Developer: Crystal Dynamics
Publisher: Square Enix
Format: PC, OSX, PS4 (Reviewed), XBone, PS3, 360
Released: March 5, 2013
Tomb Raider has always been considered an influential series in video gaming. It was a pioneer in action game mechanics. I remember as a child, playing the first Tomb Raider, that I had a sense of tangible power over my character’s movement and behavior. The gunplay was fun, with assisted targeting that worked alongside my own input. Also, it featured a female protagonist, and I don’t remember playing a female character like that before, let alone one so powerful and physically adept. In a sense, this made it ahead of its time. It then squandered this credit by giving the above mentioned female a set of enormous tits and a teenie tiny uniform. This was of course exploited by horny kids like myself, who downloaded patches to relieve her of her clothing entirely…
This character’s name was Lara Croft, and seventeen years later, she’s just as powerful (and just as shallow) as she’s ever been.
Let me start by mentioning that it took me getting through about half of the game to give it a real chance. Aesthetically, it is brilliant and cinematic. Everything in the visual department looks great and the environmental audio is very passable. The “cinematic” quality is also why I hated the front 50% so much. It seems like a series of animated shorts broken up by quick time events. I fucking LOATHE quicktime events. A QTE is a blatant admission that a developer would have liked to have given you a mechanic to achieve something in a game, but was too lazy to figure it out in a logical way. The quicktime events never end in the game, but the other mechanics do catch up enough to keep you invested and having a bit of fun.
The story is a terrible throwaway mess, with unlikable, useless friendly characters, and tough, overacted enemies. The strange thing is that it seems like the writers really tried to hash out something interesting, with a lot of reading material spread throughout the game. However, as you get deeper into the story, the sheer number of characters and motivations for them becomes a convoluted mess. Lara is the only character in the game capable of getting anything done, so the others seem like a complete waste. Lara is also inhuman, taking numerous internal injuries throughout the game and falls that would turn any real person into two bowls of boot soup. The voice acting is also atrocious to the point of being a little embarrassing at times.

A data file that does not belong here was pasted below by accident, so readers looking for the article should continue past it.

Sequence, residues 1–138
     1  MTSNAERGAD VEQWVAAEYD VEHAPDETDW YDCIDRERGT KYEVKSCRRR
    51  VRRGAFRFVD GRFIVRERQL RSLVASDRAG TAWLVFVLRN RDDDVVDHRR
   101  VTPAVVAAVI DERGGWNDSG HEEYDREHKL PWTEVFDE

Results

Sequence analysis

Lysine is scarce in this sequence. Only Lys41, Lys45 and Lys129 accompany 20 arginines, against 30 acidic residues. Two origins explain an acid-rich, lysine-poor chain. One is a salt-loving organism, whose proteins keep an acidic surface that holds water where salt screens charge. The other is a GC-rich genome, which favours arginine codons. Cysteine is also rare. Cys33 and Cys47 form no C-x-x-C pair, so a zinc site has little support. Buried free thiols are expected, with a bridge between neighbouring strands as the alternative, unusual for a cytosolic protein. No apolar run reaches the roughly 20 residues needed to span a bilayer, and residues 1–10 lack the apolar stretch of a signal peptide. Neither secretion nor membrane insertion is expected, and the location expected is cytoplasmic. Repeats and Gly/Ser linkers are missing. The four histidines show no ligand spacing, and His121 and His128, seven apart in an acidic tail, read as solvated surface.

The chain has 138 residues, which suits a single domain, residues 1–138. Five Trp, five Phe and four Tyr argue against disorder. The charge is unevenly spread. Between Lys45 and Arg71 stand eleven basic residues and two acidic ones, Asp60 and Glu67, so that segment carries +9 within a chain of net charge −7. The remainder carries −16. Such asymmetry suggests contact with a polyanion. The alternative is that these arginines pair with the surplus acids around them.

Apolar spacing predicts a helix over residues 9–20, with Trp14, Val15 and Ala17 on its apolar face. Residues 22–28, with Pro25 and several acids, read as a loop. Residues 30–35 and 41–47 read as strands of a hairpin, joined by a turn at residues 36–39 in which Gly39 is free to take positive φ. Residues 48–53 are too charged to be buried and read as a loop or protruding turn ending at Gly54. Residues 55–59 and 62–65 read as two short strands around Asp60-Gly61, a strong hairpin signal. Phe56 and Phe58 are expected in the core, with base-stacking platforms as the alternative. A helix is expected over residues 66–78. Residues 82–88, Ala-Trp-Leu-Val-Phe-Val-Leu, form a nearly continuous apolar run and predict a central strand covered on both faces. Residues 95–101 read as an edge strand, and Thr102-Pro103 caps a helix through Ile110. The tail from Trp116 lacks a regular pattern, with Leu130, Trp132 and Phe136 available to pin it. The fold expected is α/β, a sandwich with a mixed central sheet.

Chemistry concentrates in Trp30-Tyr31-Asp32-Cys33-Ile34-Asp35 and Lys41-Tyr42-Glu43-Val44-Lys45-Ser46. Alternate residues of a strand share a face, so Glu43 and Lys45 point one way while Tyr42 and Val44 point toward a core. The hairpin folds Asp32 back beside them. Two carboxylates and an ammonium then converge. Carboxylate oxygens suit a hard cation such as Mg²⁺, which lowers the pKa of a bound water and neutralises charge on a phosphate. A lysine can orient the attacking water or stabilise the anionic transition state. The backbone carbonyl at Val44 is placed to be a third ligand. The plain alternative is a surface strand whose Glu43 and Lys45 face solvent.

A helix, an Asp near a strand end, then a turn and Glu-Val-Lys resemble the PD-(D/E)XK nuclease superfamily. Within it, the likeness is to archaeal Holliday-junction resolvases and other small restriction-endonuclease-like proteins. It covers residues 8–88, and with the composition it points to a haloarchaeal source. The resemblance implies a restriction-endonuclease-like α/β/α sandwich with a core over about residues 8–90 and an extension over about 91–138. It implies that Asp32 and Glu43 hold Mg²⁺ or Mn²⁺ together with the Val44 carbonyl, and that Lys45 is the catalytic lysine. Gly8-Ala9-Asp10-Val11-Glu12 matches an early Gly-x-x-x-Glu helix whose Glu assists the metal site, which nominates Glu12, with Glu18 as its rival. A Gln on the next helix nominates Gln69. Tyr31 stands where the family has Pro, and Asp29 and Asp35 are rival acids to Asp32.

So where does it earn its stay? Well, the simple fact is that it remains true to the original game’s major strength – simple mechanics done very well. The shooting is fun and responsive, the platforming seems truly death-defying, and finding knick-knacks around the maps can actually turn out to be a lot of fun. The quicktime events seem to get a little more organic also, with timed events happening during your actual movement in-game, not dictated by where a cutaway is placing you.
None of this offers any real depth, but it is a good time, and I found it oddly rewarding in the most brainless sense. That’s not necessarily a bad thing, it just is.
The game is a decent 12 hour romp for people who want what amounts to a quality hack-n-slasher or run-n-gun. There are plenty of chest-high walls, so old Gears of War references come to mind… Again, not a bad thing. Its probably quite cheap, being 3 years old, so a $20 purchase is well worth it for those who need some brainless, competent action.
Conclusion: I don’t have much to say because there just isn’t much here. Lara is as powerful and kickass as ever, but she still lacks any substance under that cleavage, which ends up sort of feeling like a tongue-in-cheek joke.
6/10 Good enough